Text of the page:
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Showing posts from January, 2021

Women and College Degrees, 2019

I saw an opinion piece in Insider Higher Ed this week, and this statistic jumped out at me:  Four-year institutions are graduating a third more women than men.  It's not that the statistic was surprising, of course.  Almost everyone who has looked at higher ed data knows the increasing educational attainment of women has been one of most notable trends in our profession.  (Of course, the real story is the reason women didn't have higher attainment prior up until now.) If you look at this NCES Digest of Education Statistics table, and do a little math, you can see the trend for yourself. In 1970, women made up only 35% of all college enrollment; by 1988, that figure had risen to 50%, and by 2019, it was 60%. This trend mirrors bachelor's degrees as well.  In 2019, about 58% of BAs were awarded to women, and 42% to men.  While the trend is remarkably consistent across all Carnegie types, regions, and levels of control, the statistics between and among individual institution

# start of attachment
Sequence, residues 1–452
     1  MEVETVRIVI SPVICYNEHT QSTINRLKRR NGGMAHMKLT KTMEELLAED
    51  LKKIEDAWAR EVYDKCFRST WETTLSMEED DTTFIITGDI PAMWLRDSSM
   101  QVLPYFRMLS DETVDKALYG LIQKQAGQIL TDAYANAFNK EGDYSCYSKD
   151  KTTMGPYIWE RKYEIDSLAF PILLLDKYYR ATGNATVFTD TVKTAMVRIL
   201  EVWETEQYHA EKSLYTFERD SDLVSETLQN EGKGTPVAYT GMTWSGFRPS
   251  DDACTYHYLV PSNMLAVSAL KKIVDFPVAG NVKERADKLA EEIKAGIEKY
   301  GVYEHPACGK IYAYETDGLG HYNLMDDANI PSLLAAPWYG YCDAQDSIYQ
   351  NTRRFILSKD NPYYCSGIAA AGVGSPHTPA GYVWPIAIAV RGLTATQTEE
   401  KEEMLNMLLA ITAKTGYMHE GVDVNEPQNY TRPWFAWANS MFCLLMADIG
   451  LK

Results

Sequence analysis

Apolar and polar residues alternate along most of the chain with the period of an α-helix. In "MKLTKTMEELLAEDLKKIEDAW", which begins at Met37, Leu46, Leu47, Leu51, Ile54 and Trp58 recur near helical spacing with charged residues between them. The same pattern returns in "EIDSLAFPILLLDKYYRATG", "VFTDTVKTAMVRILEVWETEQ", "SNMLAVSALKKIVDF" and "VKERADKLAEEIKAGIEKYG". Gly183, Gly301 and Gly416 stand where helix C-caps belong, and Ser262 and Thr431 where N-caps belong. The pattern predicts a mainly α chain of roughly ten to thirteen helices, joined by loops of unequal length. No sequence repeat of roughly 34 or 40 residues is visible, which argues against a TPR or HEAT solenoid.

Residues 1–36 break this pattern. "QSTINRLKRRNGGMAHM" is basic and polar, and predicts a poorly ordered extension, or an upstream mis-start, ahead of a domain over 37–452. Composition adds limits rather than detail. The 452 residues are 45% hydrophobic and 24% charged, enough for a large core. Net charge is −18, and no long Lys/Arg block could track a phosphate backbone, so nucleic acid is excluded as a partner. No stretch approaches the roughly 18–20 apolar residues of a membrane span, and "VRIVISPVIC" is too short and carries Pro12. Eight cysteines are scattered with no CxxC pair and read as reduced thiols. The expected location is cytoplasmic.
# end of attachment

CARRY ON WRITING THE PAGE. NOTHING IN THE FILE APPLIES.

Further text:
Private College and University Tuition Discount Rates, 2010, 2014, and 2018

There is almost nothing that enrollment managers and CFOs and trustees talk about at private universities these days more than discount rates.  Because, as I wrote recently , colleges are not-for-profits, but they're not charities; they need revenue to keep the business running because electric bills, faculty salaries, and test tubes are all paid for in cash. And while I no longer work at a private university, this is still important because the financial health of one sector affects all other members of the industry in some way.  This is important information for you to know. Discount rate determines how much cash you actually receive from each student after you award institutional financial aid.  If you understand discount, you can skip over the blue section below and go right to the explanation of the visualization.  If not, here's how EM people think about it.  Don't worry if you're confused; it is a difficult concept to understand. You charge a tuition.  And you of